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Am J Gastroenterol. 2015 Apr;110(4):501-9; quiz 510. doi: 10.1038/ajg.2015.49. Epub 2015 Mar 10.

Serrated polyps and the risk of synchronous colorectal advanced neoplasia: a systematic review and meta-analysis.

Author information

1
1] Institute of Digestive Disease, Department of Medicine and Therapeutics, State Key Laboratory of Digestive Diseases, LKS Institute of Health Science, Chinese University of Hong Kong, Shatin, Hong Kong, China [2] Division of Gastroenterology and Hepatology, Ren-Ji Hospital, Shanghai Jiao-Tong University School of Medicine, Shanghai Institute of Digestive Disease, Shanghai, China.
2
1] Institute of Digestive Disease, Department of Medicine and Therapeutics, State Key Laboratory of Digestive Diseases, LKS Institute of Health Science, Chinese University of Hong Kong, Shatin, Hong Kong, China [2] School of Public Health and Primary Care, Faculty of Medicine, Chinese University of Hong Kong, Shatin, Hong Kong, China.
3
Institute of Digestive Disease, Department of Medicine and Therapeutics, State Key Laboratory of Digestive Diseases, LKS Institute of Health Science, Chinese University of Hong Kong, Shatin, Hong Kong, China.
4
School of Public Health and Primary Care, Faculty of Medicine, Chinese University of Hong Kong, Shatin, Hong Kong, China.
5
Department of Surgery, Chinese University of Hong Kong, Shatin, Hong Kong, China.

Abstract

OBJECTIVES:

Serrated polyps of the colon comprise a heterogeneous group of lesions with distinct histological and malignant features. The presence of serrated polyps has been associated with synchronous advanced neoplasia, although the magnitude of this relationship is unclear.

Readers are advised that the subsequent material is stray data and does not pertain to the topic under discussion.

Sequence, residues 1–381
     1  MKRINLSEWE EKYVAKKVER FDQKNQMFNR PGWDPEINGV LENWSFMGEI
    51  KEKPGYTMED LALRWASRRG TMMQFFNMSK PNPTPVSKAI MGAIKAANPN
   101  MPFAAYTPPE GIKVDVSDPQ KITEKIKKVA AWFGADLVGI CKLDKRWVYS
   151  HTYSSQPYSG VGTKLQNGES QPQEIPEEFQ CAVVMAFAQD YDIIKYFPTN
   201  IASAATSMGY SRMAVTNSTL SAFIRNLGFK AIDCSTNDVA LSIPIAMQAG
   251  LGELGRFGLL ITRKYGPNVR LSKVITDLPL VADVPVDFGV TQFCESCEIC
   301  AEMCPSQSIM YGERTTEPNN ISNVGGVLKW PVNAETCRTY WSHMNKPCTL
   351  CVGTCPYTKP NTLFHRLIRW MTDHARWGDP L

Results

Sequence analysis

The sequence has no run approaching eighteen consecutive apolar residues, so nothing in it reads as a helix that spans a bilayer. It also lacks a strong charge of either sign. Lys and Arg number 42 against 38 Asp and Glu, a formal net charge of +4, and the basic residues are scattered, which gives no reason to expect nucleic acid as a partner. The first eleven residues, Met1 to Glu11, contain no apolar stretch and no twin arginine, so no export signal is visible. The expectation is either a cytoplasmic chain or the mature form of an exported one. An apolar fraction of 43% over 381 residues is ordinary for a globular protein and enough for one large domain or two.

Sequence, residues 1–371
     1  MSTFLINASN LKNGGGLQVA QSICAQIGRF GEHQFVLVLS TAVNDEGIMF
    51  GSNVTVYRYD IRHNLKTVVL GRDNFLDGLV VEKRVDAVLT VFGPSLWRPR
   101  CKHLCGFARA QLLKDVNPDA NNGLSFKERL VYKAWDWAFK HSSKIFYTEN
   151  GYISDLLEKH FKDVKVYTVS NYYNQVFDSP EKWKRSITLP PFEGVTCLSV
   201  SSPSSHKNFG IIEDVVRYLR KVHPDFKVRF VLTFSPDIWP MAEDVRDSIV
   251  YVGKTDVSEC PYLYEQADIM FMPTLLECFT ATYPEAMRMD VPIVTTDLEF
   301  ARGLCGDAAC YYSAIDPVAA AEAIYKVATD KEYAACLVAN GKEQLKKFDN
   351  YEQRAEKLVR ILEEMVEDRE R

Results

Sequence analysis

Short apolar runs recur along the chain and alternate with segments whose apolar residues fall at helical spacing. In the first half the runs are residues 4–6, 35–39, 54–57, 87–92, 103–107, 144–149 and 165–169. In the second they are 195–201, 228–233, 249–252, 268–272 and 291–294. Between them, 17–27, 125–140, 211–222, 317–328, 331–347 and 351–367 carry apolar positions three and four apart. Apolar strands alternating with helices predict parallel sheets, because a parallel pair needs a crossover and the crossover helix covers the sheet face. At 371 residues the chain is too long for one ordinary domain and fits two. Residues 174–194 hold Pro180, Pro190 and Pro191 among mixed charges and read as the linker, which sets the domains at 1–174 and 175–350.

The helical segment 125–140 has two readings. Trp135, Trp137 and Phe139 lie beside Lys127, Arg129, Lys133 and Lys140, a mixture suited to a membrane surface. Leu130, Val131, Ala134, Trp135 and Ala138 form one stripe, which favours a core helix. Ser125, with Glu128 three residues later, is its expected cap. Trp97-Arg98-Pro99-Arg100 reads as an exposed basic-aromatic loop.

METHODS:

Using studies identified from systematic literature search up to February 2014, we performed a systematic review and meta-analysis to estimate the pooled prevalence of serrated polyps and their association with synchronous advanced neoplasia. Random-effects models were used to combine estimates from heterogeneous studies, and odds ratios (ORs) with 95% confidence intervals (CIs) were presented.

RESULTS:

Nine studies with 34,084 participants were included. The mean age of subjects was 59.9±6.6 years and 52.5% of the subjects were male. Pooled prevalence of serrated polyps was 15.6% (95% CI, 10.3-22.9%). The pooled OR of advanced neoplasia in individuals with serrated polyps was 2.05 (95% CI, 1.38-3.04). Pooled analysis showed that the presence of proximal serrated polyps (OR=2.77, 95% CI, 1.71-4.46) and large serrated polyps (OR=4.10, 95% CI, 2.69-6.26) was associated with an increased risk of synchronous advanced neoplasia. The pooled OR for advanced neoplasia in individuals with proximal and large serrated polyps was 3.35 (95% CI, 2.51-4.46). Considerable heterogeneity was observed in most analyses.

CONCLUSIONS:

Our meta-analysis showed that serrated polyps are associated with a more than twofold increased risk of detection of synchronous advanced neoplasia. Individuals with proximal and large serrated polyps have the highest risk. These individuals deserve surveillance colonoscopy.

PMID:
25756237
DOI:
10.1038/ajg.2015.49
[Indexed for MEDLINE]

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